Please join us for a one-day symposium featuring stellar scholars who bring innovative approaches to writing about black women’s lives. This intergenerational and international group will challenge us to re-consider links between biography and history in American, African American, African, and African diasporic studies. We will highlight lessons learned from prize-winning biographical work while showcasing new scholarship in the growing field of black women’s biographical studies.
Studying black women’s lives requires us to revise and expand scholarly tropes, whether on slavery, migration, politics, religion, transnationalism, or knowledge and artistic production. The capaciousness, complexity, and contradictions within those lives also often require inventions of new forms of writing and new categories of analysis.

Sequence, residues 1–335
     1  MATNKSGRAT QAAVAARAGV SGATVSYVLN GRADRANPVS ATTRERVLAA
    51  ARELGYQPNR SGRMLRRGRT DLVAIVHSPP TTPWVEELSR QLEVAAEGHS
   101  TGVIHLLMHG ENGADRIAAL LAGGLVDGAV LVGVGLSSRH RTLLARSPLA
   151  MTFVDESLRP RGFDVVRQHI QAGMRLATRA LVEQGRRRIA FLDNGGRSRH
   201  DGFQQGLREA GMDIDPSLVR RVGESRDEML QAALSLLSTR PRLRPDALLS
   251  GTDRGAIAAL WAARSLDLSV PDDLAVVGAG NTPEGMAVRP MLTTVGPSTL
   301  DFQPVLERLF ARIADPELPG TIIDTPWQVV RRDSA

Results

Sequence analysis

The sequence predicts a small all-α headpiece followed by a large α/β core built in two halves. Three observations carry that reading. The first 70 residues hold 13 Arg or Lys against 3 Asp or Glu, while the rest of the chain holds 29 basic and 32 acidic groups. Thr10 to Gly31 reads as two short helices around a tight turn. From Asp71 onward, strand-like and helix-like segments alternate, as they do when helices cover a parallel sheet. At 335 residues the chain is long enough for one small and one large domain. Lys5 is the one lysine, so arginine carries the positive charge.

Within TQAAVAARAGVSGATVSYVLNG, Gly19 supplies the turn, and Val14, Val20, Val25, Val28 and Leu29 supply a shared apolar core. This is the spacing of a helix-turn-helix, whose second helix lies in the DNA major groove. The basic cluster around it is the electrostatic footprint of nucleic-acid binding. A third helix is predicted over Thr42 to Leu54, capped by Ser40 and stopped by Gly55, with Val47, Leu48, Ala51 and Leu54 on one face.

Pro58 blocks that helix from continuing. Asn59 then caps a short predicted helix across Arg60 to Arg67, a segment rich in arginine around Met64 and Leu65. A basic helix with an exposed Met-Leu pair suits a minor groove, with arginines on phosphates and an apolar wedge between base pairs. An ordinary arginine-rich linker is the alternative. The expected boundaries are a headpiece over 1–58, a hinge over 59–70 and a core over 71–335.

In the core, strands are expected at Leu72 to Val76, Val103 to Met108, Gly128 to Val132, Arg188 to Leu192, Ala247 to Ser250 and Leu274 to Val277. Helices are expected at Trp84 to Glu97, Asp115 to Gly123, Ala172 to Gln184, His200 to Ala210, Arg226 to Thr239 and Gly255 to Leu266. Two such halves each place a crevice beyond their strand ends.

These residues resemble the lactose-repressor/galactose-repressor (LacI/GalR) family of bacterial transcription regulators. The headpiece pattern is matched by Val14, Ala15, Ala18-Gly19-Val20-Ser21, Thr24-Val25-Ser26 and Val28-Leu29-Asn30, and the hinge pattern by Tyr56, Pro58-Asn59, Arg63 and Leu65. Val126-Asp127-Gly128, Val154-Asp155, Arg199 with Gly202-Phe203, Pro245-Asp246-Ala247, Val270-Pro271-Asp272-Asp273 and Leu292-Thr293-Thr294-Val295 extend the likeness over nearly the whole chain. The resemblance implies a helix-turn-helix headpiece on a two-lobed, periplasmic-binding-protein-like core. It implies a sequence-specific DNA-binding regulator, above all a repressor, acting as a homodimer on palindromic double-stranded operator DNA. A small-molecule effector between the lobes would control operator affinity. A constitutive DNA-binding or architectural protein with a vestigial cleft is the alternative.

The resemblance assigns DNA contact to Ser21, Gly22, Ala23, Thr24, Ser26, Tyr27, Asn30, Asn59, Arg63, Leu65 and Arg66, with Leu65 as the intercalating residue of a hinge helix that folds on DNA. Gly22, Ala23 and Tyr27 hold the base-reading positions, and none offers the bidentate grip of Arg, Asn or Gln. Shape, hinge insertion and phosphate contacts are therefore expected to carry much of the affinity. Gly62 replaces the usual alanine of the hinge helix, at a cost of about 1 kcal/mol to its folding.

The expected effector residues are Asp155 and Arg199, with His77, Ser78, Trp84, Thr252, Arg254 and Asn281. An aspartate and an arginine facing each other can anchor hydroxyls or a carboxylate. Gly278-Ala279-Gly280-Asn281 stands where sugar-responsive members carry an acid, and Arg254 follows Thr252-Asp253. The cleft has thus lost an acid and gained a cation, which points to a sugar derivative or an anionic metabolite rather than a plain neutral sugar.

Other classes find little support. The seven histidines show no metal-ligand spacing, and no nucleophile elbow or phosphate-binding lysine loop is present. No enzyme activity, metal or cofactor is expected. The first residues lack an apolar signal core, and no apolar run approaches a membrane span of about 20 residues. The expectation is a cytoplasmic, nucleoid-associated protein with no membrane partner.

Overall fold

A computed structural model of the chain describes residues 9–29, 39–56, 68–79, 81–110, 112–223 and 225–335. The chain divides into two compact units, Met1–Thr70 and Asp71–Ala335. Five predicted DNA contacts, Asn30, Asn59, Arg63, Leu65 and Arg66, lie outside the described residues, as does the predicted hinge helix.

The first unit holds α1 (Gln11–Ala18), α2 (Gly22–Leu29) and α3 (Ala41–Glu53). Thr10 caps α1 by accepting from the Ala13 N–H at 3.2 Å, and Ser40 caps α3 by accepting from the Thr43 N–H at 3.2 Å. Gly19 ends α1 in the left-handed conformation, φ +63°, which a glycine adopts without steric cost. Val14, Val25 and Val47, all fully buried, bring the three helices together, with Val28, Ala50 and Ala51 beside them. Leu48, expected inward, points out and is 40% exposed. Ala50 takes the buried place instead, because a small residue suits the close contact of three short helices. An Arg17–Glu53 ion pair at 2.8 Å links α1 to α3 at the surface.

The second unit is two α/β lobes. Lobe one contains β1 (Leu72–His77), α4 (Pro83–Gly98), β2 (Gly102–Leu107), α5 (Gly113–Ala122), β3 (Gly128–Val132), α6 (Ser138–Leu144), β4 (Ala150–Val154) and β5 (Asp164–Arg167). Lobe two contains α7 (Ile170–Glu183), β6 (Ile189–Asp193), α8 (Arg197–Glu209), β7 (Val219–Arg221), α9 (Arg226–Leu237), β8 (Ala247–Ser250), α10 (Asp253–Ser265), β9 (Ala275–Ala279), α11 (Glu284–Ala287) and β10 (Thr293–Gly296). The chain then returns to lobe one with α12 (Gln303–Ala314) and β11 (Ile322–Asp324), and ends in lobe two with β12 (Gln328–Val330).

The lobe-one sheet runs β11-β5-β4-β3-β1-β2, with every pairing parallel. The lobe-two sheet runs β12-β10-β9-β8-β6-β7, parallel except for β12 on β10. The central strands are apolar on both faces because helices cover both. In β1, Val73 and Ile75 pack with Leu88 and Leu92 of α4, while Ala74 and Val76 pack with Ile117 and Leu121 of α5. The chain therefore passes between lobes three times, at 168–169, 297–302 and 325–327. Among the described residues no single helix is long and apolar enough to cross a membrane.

The day’s format will encourage informal discussions among participants and the audience.
The programme is now available here.
Mia Bay (Pennsylvania)
To Tell the Truth Freely: The Life of Ida B. Wells (2009).
Judith Casselberry (Bowdoin)
The Labor of Faith: Gender and Power in Black Apostolic Pentacostalism (2017) and new work on the life and religious roots of the performer Grace Jones.
Erica Armstrong Dunbar (Rutgers)
Never Caught: The Washingtons’ Relentless Pursuit of Their Runaway Slave (2017).
Merve Fejzula (Cambridge)
New work on women and Anglophone dissemination of negritude in Nigeria and the United States.
Farah Jasmine Griffin (Columbia)
If You Can’t Be Free, Be a Mystery: In Search of Billie Holiday (2001) and Harlem Nocturne: Women Artists and Progressive Politics During World War II (2013).
Sinead McEneaney (Open University)
Writing rights: autobiography, protest and civil rights women.
Imaobong Umoren (London School of Economics)
Race Women Internationalists: Activist-Intellectuals and Global Freedom Struggles (2018) and new work on Eugenia Charles, Prime Minister of Dominica.
Organized by Barbara D. Savage
Geraldine R. Segal Professor American Social Thought, Pennsylvania
Harmsworth Visiting Professor of American History, Oxford